By Peter Welby
general of the Muslim World League (MWL), Sheikh Mohammed bin Abdul Karim
Al-Issa, always has interesting things to say, and last week’s MWL conference
drove headlines on some important issues. Last Thursday, before an audience of
religious leaders and policy makers in New York, he gave a speech that included
a call for Christians, Muslims and Jews to jointly visit Jerusalem, visit each
other’s holy sites, and begin a new approach to resolving the long-running
Israel-Palestine conflict: A brave religious initiative for a conflict focused
on a religious city.
conference was on “Cultural rapprochement between the Muslim world and the US.”
Being neither a US citizen, nor a Muslim, I’m not sure what I could add by my
presence, but I was nonetheless happy to be there, and to speak myself, on the
course, cultural rapprochement between the Muslim World and the US actually
requires rapprochement across the West. Modern politics and cultural movements
are so interconnected, US politics cannot be considered to be in a vacuum. The
cultural memory that has led to such a distrust of Islam in the US is shared
across the Western world, both old and new.
prepared for my own speech at the conference, I came across an interesting 2011
poll of Muslim attitudes in Muslim-majority countries toward Westerners, and
non-Muslim Westerners toward Muslims. It found that a majority of Muslims
regarded Westerners as greedy, immoral, violent, and fanatical. No positive
terms received over 50 percent. Meanwhile, majorities in the West regarded
Muslims as fanatical, violent and — just to mix things up — honest.
attitudes don’t arise from nothing. They are the legacy of 1,400 years of
rivalry around the Mediterranean. In North Africa, the bastion and theological
proving ground of the early Christian Church, though fatally riven by schism,
there remains only one church with a history predating the Muslim conquest:
That of the Copts. Jerusalem, a city sacred to the three Abrahamic faiths, was
surrendered by Patriarch Sophronius to Caliph Umar in 637, and the loss of
which struck deeply at the Western Christian psyche, with a direct link to the
Crusades. The loss of Spain and the glorification of what is known as the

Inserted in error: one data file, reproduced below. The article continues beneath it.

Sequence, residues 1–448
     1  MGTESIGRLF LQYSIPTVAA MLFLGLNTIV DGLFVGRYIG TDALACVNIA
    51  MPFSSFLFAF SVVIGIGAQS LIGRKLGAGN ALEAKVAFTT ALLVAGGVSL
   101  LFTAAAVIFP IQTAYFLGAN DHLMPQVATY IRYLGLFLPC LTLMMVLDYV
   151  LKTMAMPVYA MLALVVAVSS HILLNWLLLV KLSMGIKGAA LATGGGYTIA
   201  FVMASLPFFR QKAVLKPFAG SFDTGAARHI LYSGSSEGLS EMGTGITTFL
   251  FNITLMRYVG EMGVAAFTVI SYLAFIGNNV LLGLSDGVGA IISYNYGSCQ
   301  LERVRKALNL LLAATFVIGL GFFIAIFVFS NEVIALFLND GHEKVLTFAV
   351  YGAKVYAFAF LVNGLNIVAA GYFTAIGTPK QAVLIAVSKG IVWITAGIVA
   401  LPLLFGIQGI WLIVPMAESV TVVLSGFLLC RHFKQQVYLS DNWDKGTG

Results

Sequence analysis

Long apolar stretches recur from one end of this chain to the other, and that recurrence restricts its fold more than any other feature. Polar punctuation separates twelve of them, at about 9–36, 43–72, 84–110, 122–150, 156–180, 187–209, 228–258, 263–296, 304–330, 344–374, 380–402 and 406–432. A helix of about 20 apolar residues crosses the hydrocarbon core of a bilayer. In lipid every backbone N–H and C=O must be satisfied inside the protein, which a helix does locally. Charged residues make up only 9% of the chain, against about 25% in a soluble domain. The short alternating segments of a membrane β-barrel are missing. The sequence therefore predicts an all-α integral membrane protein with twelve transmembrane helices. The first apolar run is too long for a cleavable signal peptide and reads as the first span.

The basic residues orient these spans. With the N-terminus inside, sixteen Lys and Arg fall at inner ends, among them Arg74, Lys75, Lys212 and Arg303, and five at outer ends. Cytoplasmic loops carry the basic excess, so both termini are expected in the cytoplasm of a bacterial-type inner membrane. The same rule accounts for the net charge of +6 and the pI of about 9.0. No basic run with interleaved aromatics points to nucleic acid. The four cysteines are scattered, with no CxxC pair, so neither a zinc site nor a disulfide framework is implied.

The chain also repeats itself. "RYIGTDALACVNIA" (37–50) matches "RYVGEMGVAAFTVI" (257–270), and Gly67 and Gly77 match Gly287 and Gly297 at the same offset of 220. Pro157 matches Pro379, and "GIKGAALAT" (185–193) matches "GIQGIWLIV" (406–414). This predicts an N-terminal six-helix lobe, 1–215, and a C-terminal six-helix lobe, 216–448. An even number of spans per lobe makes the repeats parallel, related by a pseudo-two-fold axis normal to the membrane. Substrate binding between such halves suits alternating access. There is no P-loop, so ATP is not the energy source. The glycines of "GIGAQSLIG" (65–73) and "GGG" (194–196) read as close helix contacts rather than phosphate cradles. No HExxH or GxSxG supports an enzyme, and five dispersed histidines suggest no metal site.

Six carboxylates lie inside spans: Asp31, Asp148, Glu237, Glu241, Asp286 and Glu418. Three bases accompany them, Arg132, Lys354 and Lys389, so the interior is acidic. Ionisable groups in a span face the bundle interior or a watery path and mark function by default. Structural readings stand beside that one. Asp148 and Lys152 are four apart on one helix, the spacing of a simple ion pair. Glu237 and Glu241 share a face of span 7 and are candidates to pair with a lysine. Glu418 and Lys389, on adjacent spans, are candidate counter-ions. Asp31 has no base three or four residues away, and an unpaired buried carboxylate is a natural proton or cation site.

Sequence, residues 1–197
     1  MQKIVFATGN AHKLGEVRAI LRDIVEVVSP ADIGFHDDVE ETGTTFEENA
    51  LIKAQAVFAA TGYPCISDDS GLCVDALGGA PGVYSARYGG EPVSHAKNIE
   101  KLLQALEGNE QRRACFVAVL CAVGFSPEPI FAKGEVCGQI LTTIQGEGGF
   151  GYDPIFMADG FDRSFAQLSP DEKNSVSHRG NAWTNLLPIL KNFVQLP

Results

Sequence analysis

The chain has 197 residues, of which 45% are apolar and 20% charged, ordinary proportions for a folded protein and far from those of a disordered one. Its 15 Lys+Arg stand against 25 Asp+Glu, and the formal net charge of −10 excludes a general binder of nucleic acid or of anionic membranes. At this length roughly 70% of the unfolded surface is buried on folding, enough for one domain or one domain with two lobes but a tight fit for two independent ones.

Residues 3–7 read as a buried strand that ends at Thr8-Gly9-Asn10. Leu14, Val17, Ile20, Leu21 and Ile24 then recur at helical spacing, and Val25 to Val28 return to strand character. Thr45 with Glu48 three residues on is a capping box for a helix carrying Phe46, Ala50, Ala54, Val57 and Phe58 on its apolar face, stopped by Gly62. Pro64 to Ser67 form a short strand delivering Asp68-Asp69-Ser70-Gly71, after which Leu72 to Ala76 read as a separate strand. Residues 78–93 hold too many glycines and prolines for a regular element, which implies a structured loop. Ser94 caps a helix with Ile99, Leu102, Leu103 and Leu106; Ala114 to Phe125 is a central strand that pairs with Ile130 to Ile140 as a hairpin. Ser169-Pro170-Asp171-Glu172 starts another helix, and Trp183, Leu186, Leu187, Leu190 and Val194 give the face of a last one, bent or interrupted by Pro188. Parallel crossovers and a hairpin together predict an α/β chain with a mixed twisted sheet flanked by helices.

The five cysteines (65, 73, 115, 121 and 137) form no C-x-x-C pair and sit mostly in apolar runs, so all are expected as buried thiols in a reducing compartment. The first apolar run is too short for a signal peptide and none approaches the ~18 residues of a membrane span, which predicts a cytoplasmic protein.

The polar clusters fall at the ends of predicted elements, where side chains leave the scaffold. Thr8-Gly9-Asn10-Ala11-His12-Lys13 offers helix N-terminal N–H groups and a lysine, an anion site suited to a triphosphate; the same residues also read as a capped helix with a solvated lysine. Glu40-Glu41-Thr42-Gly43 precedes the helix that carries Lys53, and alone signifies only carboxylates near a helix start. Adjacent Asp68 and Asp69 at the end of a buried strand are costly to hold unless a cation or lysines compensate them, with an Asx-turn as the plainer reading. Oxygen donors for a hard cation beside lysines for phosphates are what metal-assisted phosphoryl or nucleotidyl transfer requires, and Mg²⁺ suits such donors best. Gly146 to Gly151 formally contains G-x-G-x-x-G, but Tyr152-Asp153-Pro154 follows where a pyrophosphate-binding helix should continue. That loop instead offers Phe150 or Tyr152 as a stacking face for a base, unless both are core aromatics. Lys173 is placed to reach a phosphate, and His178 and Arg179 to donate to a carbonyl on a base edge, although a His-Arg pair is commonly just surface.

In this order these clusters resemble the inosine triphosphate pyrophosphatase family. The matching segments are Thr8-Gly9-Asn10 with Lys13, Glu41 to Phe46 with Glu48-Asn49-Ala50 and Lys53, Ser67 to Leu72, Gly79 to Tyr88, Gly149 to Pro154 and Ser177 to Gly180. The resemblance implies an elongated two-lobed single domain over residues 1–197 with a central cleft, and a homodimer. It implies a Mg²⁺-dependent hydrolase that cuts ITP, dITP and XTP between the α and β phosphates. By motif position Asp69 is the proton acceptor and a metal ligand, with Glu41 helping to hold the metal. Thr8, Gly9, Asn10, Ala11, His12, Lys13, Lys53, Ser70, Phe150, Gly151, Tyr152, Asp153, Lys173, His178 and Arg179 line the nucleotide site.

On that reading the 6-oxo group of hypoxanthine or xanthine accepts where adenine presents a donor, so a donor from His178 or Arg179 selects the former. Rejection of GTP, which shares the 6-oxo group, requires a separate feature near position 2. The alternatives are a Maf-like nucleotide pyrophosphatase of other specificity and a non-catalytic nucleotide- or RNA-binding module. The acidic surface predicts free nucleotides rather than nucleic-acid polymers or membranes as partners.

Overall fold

Reconquista; the fall of Constantinople and the Eastern Roman Empire; the
creeping conquest of the Ottomans in the Balkans and Eastern Europe; and no
list of rivalry between Christendom and Islam would be complete without
mentioning the Ottomans at the Gates of Vienna in 1683.
may seem like ancient history. The majority of people in the West won’t be able
to tell you about the defeat of the Ottoman armies in 1683 — but by that time
the European colonies in North America were well established. In any case, the
cultural impact of historical events last long beyond their popular memory.
And, however much the West secularizes and moves toward a post-faith society,
its attitudes and values are shaped by the legacy of Christianity.
memory perpetuates hatred long after all reason is forgotten. That cultural
memory can be found in the deep suspicion of Islam in the West today. History
is a story of winners and losers: Victory or defeat does much more to foster
identity than examples of engagement.
is not a counsel of despair. A house, which takes months to build, can burn
down in an afternoon, but no one would suggest that is an argument against
building houses. Julius Caesar killed or enslaved at least 20 percent of the
population of Gaul, but the history of cooperation between Italy and France
long ago expunged that memory. Cultural memory can be changed through
engagement. It is hard but necessary.
brings us back to Al-Issa’s keynote speech. His agenda, apparent in all of his
work since his appointment as secretary general in 2016, is cooperation in
order to resolve some of the most pressing areas of distance between the
Islamic, Jewish and Christian worlds, as he put it, “spiritually, politically,
economically and culturally.”
most striking area in which he views an opportunity for cooperation is in
Jerusalem. He called for a “peace caravan” of Christians, Muslims and Jews
without political affiliation in the dispute to work together to bring a new
perspective on its resolution. These were significant words, and it is right
that they were noticed. But there are opportunities here to work with those
already seeking to do just that.
Patriarch of Jerusalem (the successor to Sophronius) is the acknowledged
“primus inter pares” (first among equals) of the Christian leaders in Jerusalem,
and treads a difficult line between Israeli and Palestinian politics, as well
as threats from extremists on both sides. His only concern is that there should
be peace, security, and protection for the Christians of the Holy Land.
such figure is Sheikh Abdullah bin Bayyah — mentioned in this column previously
— who, two years ago, set up an “American Caravan of Peace” to bring together
Christians, Muslims and Jews in the US to work together for the common good.
concept is not one that we have heard previously from the MWL. But then, its
secretary general, as he outlined in a detailed interview in this newspaper, is
someone who is bringing fresh ideas to the table, suffused with energy and
vision. That vision should become a reality, working together with others
engaged in the field of building peace through friendship and cooperation. It
is much needed, and a requirement for long-lasting reconciliation.
Welby is a consultant on religion and global affairs, specializing in the Arab
world. Previously he was the managing editor of a think tank on religious
extremism, the Center on Religion & Geopolitics, and worked in public
affairs in the Arabian Gulf. He is based in London, and has lived in Egypt and
Yemen. Twitter: @pdcwelby